My Irish grandfather played the fiddle, but my mother played the violin. And yet, arguably… both were playing the same instrument! For all intents and purposes, there’s very little difference between the violin and the fiddle.
It’s confusing, without a doubt, but both terms are used interchangeably to describe the same member of the string family. The only difference is the context.
If you think of fiddle as slang for the violin, you’re on the right track.
So which is it? Fiddle or violin?
People tend to use the term violin in classical settings, especially when describing an instrument used in an orchestra or other formal environments such as a musical quartet or concert.
If you’re listening to a violin in a pub jam session, however, or hearing a violinist doing an impromptu show on the street, you’re more likely to hear it referred to as a fiddle.
Generally speaking, the fiddle is associated with country, folk, or traditional music, whereas the violin is considered more classical.
While the instruments are essentially the same, there are a few variations when it comes to the shape of violins or fiddles.
Both have four strings, but the shape may be different – especially when it comes to the bridge.
Fiddlers often prefer an instrument with a flatter bridge. This makes it easier to play the signature double stop and triple stop sequences associated with folk and traditional music.
If you’ve ever heard a fiddler cascading through notes at lightning speed, you’ll get some idea of the speedy beats that are a hallmark of jaunty traditional tunes.
Classically trained violinists, on the other hand, may favor a rounded bridge. This gives them a better range of motion to articulate the complex scores of classical music pieces.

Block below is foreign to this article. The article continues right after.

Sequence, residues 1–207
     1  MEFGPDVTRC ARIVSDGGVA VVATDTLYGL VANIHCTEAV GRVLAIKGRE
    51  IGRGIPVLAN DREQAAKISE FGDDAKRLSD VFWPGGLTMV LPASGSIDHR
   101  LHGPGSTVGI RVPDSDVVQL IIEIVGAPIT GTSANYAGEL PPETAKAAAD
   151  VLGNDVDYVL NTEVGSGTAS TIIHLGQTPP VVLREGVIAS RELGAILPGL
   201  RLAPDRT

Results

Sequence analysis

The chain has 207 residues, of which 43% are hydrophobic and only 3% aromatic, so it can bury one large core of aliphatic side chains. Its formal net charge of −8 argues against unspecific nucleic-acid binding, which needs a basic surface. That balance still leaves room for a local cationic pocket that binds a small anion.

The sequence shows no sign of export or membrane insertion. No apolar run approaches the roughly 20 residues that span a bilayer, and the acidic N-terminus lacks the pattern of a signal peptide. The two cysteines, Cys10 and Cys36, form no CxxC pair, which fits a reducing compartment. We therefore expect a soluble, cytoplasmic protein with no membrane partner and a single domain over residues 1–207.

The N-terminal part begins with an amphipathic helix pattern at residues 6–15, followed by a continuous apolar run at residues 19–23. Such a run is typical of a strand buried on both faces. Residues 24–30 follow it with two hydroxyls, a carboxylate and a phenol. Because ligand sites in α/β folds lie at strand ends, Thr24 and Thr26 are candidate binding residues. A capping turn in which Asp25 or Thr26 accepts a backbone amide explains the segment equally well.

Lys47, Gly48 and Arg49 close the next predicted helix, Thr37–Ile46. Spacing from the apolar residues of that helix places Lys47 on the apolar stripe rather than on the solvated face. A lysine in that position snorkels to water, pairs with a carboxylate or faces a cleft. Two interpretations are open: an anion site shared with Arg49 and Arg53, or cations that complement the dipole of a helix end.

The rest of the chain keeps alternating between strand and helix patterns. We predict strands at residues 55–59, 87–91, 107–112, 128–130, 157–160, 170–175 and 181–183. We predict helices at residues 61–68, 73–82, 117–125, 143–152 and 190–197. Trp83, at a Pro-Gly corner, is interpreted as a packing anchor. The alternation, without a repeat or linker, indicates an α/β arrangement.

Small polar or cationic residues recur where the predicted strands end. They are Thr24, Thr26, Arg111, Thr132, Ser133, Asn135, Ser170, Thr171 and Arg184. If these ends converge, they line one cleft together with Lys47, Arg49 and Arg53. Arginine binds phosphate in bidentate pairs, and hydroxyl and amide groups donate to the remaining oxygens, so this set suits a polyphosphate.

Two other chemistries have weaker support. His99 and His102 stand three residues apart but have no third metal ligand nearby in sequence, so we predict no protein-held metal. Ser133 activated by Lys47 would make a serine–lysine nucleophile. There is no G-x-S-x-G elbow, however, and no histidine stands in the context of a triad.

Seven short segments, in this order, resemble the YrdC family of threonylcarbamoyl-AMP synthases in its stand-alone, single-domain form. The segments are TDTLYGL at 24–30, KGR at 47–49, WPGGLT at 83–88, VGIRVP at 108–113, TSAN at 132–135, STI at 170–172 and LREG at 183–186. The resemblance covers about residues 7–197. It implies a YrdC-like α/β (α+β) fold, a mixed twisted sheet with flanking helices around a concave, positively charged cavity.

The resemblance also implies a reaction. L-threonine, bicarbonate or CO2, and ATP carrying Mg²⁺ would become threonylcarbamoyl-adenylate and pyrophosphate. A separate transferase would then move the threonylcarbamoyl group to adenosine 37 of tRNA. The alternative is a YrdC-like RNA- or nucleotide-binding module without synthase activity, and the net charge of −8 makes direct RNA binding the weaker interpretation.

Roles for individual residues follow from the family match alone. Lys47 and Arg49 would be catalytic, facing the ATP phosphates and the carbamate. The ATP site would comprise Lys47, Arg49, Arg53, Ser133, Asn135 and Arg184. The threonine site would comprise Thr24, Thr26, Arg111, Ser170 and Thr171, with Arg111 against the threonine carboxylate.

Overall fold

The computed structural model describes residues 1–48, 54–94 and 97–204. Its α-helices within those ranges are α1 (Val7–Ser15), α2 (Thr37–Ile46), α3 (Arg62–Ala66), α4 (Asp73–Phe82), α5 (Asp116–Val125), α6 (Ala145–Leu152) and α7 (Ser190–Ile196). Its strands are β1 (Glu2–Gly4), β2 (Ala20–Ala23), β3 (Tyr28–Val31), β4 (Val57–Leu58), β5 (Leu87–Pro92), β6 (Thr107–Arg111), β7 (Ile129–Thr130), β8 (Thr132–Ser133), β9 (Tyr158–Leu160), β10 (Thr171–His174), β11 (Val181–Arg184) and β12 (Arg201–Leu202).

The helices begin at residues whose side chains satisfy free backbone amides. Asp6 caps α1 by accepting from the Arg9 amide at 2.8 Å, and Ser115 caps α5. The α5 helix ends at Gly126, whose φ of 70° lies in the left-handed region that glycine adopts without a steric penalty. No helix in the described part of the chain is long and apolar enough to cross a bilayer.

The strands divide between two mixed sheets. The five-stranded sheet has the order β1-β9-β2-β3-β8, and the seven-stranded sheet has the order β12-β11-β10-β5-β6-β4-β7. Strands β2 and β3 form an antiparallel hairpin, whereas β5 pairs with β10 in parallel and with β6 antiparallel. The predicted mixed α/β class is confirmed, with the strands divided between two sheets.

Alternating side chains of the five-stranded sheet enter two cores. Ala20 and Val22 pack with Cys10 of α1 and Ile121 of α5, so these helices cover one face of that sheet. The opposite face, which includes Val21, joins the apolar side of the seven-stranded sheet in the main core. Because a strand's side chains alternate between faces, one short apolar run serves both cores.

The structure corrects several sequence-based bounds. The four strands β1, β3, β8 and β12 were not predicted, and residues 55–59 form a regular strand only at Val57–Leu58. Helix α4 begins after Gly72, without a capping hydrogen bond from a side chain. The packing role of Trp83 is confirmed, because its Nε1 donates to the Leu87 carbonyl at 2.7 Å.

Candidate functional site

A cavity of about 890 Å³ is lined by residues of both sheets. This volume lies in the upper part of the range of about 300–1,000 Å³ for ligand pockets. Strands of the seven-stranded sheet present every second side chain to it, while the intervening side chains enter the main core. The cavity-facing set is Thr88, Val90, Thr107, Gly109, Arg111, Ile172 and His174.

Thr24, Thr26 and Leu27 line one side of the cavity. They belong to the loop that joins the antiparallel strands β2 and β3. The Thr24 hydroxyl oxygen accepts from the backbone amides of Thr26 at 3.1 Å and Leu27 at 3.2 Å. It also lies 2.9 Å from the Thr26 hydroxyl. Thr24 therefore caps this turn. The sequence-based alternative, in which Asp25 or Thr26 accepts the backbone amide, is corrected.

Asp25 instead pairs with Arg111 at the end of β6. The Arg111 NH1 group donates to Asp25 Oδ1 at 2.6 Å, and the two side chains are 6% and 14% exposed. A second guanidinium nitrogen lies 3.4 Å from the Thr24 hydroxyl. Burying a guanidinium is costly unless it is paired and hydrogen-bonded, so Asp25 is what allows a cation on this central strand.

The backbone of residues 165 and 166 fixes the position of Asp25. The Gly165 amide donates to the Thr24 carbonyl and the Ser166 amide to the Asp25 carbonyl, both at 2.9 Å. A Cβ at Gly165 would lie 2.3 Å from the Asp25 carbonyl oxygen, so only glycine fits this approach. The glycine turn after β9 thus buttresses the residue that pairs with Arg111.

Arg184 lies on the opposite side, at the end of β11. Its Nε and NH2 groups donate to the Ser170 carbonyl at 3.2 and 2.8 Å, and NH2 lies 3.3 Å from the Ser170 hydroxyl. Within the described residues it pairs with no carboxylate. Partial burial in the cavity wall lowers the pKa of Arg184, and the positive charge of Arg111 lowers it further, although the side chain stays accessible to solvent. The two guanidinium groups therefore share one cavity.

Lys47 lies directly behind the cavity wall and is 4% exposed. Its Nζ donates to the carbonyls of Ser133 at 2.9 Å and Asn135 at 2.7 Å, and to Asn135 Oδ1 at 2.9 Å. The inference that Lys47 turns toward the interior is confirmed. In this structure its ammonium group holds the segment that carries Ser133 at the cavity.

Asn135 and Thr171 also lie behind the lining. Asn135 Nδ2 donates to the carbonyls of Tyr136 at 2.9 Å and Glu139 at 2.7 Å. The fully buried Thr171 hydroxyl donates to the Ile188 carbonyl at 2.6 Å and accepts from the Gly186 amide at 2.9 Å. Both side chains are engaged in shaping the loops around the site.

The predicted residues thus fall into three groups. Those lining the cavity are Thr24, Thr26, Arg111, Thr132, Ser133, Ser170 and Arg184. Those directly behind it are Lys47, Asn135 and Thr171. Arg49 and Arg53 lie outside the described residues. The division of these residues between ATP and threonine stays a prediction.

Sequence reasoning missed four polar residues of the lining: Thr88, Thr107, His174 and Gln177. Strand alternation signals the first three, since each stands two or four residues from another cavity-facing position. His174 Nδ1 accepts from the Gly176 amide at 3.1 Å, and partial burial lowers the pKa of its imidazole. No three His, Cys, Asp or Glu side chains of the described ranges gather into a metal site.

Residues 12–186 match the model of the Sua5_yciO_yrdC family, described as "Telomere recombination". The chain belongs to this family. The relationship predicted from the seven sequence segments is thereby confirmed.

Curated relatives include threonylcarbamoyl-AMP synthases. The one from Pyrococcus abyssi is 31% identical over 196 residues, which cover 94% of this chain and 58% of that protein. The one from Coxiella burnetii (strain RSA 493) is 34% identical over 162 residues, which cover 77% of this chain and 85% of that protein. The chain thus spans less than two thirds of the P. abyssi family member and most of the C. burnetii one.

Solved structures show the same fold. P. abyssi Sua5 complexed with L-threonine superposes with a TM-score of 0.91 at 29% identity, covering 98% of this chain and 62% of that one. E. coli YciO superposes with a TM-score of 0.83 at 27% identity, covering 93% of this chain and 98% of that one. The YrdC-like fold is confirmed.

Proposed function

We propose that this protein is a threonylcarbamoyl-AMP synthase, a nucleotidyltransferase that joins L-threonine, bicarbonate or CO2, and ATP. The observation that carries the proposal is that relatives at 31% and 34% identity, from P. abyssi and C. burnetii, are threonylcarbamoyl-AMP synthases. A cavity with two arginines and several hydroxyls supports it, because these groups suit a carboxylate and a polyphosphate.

Both violins and fiddles have four strings, typically tuned to G3, D4, A4, E5.
Historically speaking, violins were distinguished from the more common fiddle by the material used in their strings.
Fiddles were a low-budget and often homemade version of the classical violin, so the strings had to be cheap. They were typically made from steel rather than the more expensive gut strings.
Fiddle vs Violin vs Viola
Violins/fiddles are often confused with their smaller cousins, the viola. But violas are an entirely different member of the string family, with their own sound, shape, and size.
Violas tend to be slightly larger than violins. They’re also tuned lower, making them more suitable for the lower registers.
Violas have a more mellow sound than violins. The tone is low, melodic, and rich.
Fiddles and violins are arguably the same instruments – a four-stringed bow.
The difference is in how they’re played. You’ll see violins referred to as fiddles when they’re used informally – at casual concerts, traditional dances, and family gatherings.
Fiddlers typically play folk-style music, traditional tunes with plenty of rhythm and speed.
On the other hand, the string instruments you see in an orchestra are more commonly called violins.
Fiddle is basically a nickname for the violin, used informally. While there may be slight variations in the bridge and the strings, the terms can be used interchangeably.